(May 18, 2009) – The scattered remains of a Civil War soldier were found by construction workers last Thursday in Franklin, Tennessee, a suburb of Nashville. Pieces of a Union uniform were also found in the two-foot grave, located on Columbia Ave. at Southeast Parkway. The location is currently being developed for condominiums and businesses.
Work was immediately halted and authorities contacted. Soon to arrive to secure the site were local law enforcement followed by Civil War historians from the area, and the State Archeologist.
Found in the shallow grave were bones, teeth and copper military-style eagle buttons. The items were collected for further investigation.
Franklin, Tennessee was the site of two Civil War skirmishes. The first took place on April 10, 1863 when 237 men fell to a Union victory.
The unknown soldier discovered last week, however, was likely from the second, bloodier battle fought on November 30, 1864. The Battle of Franklin has been called "the bloodiest hours of the American Civil War" and "The Gettysburg of the West."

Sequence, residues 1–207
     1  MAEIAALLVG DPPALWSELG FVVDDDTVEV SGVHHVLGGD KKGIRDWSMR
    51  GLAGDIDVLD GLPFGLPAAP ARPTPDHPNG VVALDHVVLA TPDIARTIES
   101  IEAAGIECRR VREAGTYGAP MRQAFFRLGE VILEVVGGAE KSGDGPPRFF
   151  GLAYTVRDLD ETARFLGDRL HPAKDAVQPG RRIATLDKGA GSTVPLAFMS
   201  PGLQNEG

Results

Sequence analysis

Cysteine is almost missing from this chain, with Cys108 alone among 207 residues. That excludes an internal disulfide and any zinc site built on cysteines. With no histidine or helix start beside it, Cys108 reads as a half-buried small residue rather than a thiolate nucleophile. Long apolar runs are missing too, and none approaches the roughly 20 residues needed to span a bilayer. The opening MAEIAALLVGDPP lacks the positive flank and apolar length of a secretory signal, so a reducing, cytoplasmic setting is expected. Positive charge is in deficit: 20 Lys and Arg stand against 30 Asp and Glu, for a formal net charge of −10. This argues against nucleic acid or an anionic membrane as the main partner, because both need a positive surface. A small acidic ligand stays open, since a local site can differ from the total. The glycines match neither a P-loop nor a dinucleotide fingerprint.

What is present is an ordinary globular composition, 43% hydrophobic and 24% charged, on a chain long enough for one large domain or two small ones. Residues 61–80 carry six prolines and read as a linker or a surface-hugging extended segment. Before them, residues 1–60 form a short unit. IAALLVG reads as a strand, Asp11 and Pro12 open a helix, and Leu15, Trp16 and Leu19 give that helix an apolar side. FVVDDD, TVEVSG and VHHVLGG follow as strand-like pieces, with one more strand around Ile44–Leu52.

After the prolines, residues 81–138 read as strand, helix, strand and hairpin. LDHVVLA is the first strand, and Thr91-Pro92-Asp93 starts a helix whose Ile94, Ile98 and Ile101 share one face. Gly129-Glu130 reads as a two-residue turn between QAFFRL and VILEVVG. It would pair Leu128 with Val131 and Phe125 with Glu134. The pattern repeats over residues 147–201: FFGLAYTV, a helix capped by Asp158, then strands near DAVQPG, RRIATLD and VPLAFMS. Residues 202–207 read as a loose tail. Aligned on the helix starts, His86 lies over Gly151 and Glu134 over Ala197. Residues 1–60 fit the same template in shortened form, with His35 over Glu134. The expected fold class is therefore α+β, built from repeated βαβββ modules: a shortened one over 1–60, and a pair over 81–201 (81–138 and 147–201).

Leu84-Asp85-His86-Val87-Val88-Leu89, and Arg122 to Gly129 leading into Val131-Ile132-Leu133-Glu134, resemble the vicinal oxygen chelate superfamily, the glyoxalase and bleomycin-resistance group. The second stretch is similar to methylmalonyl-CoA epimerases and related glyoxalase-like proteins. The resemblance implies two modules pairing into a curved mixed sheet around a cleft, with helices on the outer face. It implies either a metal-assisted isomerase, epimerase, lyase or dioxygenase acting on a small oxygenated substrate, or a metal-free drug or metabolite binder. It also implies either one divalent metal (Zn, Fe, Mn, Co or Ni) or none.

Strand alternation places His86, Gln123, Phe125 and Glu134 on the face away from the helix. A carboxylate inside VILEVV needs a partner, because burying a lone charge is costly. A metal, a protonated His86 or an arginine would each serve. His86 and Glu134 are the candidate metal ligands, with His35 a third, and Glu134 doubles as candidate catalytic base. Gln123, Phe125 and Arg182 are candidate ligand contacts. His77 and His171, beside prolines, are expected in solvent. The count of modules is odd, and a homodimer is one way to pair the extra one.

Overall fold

Casualties were heavy and the fighting between Confederate and Union soldiers intense for five hours, from 4 p.m. to 9 p.m., with over 55,000 soldiers fighting in a square mile area. It was one of the few night battles of the Civil War, and one of the smallest battlefields of the war. Casualties totaled 2,326 Union troops and 6,252 Confederates.
For more detailed information about the battle, check out the Carter House: www.carter-house.org.
Sources: WZTV Fox 17 Nashville; WCBD – TV/DT Charleston, S.C.; and Carter House Museum
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